The tip openings differ in the ways you would expect. The 6 likes a medium- or medium-soft strength reed, and the 9 needs a medium-soft or soft. The smaller openings are very slightly mellower in tone, softer in volume, and oriented toward stability rather than flexibility, while the larger ones are brighter, louder, and more flexible/less stable, but the differences really are pretty minor. The 6 is my favorite, but I could use the 9 on a gig in a pinch. Choosing your tip opening will probably be more a matter of comfort zone than a question of differences in sound or application.
My previous mouthpiece was a slightly older model Vandoren V16 metal mouthpiece, the T75 (2.67mm/.105″, I think). It served me well for quite a few years, but recently I’ve been less satisfied with its difficult low notes and overall edginess. (After having it for a few years the gold plating started to get some discolored spots, and ultimately got some pitting on the table, so it may not be playing as well as it once did.) Playing hard rubber for jazz on tenor is actually new for me—I’ve played a string of metal mouthpieces since high school—but the transition to the Select Jazz has been seamless. Eyes closed, I don’t think I could tell the difference material-wise.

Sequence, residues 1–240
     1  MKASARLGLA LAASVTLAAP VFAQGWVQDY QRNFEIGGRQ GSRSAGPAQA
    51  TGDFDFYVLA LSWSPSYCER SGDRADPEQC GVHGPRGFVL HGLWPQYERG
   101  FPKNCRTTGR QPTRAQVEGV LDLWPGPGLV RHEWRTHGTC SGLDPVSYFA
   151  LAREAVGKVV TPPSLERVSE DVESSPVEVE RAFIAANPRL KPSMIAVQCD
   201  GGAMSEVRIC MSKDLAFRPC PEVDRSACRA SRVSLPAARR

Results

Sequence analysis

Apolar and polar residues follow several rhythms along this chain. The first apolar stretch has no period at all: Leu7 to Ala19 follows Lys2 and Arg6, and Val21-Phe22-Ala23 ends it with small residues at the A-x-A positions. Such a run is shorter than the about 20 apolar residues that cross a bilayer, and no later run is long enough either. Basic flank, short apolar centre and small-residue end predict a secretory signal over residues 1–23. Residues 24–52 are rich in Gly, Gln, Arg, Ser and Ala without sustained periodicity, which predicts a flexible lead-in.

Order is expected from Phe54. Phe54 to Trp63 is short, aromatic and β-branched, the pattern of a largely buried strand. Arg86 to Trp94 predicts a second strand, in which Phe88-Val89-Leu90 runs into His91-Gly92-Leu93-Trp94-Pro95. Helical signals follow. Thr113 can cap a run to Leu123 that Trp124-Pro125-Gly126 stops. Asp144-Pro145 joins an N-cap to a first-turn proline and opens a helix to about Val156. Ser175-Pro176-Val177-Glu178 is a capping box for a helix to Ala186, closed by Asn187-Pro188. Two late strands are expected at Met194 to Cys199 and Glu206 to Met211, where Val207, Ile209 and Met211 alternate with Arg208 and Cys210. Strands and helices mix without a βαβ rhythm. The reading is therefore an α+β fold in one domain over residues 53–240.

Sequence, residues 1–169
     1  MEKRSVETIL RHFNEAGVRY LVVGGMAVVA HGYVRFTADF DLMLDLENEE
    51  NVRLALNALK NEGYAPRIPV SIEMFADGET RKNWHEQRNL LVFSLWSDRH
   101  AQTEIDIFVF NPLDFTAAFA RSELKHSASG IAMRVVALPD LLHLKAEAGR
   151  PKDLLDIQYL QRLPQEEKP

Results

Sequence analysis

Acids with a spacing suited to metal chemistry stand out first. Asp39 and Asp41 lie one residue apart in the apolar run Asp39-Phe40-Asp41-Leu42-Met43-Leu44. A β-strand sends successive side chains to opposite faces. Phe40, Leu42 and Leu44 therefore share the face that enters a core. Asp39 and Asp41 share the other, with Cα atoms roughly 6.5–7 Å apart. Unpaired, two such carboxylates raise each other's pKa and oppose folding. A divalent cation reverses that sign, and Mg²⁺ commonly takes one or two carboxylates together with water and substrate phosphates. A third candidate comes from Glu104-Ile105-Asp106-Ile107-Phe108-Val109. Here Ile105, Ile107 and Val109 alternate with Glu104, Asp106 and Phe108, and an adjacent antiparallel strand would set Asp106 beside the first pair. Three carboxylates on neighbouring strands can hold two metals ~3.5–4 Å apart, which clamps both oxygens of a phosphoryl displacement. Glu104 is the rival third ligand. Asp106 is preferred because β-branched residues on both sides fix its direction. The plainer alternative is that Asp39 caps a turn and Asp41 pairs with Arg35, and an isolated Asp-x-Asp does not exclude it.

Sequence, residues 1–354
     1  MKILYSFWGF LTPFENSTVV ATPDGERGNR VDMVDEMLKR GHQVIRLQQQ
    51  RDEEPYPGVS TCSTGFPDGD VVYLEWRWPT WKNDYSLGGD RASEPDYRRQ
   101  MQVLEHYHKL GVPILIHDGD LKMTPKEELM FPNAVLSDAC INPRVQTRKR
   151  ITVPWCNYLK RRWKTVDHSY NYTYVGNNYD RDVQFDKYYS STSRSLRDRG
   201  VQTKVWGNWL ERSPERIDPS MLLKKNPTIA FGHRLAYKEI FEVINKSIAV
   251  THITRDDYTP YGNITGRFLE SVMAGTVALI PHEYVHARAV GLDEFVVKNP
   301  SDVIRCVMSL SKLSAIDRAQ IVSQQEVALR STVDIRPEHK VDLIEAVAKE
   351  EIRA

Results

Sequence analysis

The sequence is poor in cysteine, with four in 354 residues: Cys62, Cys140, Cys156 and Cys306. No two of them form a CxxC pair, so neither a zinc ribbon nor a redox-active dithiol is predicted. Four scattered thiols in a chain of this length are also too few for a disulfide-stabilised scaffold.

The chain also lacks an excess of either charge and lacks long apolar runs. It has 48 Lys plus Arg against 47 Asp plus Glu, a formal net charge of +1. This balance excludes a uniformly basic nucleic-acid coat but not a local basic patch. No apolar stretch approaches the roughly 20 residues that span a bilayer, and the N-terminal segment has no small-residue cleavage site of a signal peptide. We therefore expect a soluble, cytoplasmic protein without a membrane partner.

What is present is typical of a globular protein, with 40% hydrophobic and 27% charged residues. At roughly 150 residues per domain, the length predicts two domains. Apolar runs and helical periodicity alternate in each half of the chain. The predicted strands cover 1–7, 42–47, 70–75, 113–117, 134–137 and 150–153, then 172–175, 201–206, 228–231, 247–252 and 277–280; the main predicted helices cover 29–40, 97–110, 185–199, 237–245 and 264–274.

For tenor in particular I want a mouthpiece that can do lots of things—a sweeter, mellower sound for small-group cocktail gigs, a punchier, gutsier sound for amplified rock and blues, precise articulation and rock-steady intonation for studio playing. The Select Jazz has a nice middle-of-the-road quality that moves easily between straight-ahead jazz and funkier sounds. I find that at a scream I don’t get quite as much bite in the tone as I do with the V16, but I was pleasantly surprised at the amount of bottom end in the sound at maximum volume. In other words, the V16 gets bright and aggressive when I push it, but the Select Jazz just gets big and powerful. I’m liking the tradeoff.
The Select Jazz also wins hands down for ease of playing (against the V16, which I originally selected for its ease of playing). I could just about play a classical recital on the #6 if I had to—the articulation and response are easy from low B-flat up into the altissimo. Like the V16, it strikes a nice balance between stability and flexibility. It’s easy to play in tune, but there’s also plenty of room to bend the pitch around when I want to.
I’m not going to do a thorough play-test comparison this time, because I don’t think it’s really necessary. My V16 is an old model, in poor shape, and metal, so the comparison isn’t really fair and they are perhaps somewhat different animals anyway. But here’s a quick demo of the 6, moving through a few different styles. (It was supposed to be one uninterrupted take, but I ended up having to re-record the last segment standing a little farther from the mic.) First a snippet of Body and Soul, then a few bars of a Brecker tune that I can never remember the name of, then Night Train, then the horn break from Sir Duke.
I don’t see myself as a guy who gets snobby about brands, but D’Addario’s pro-line mouthpieces have hit the mark for me 100% so far. Looking forward to what’s next.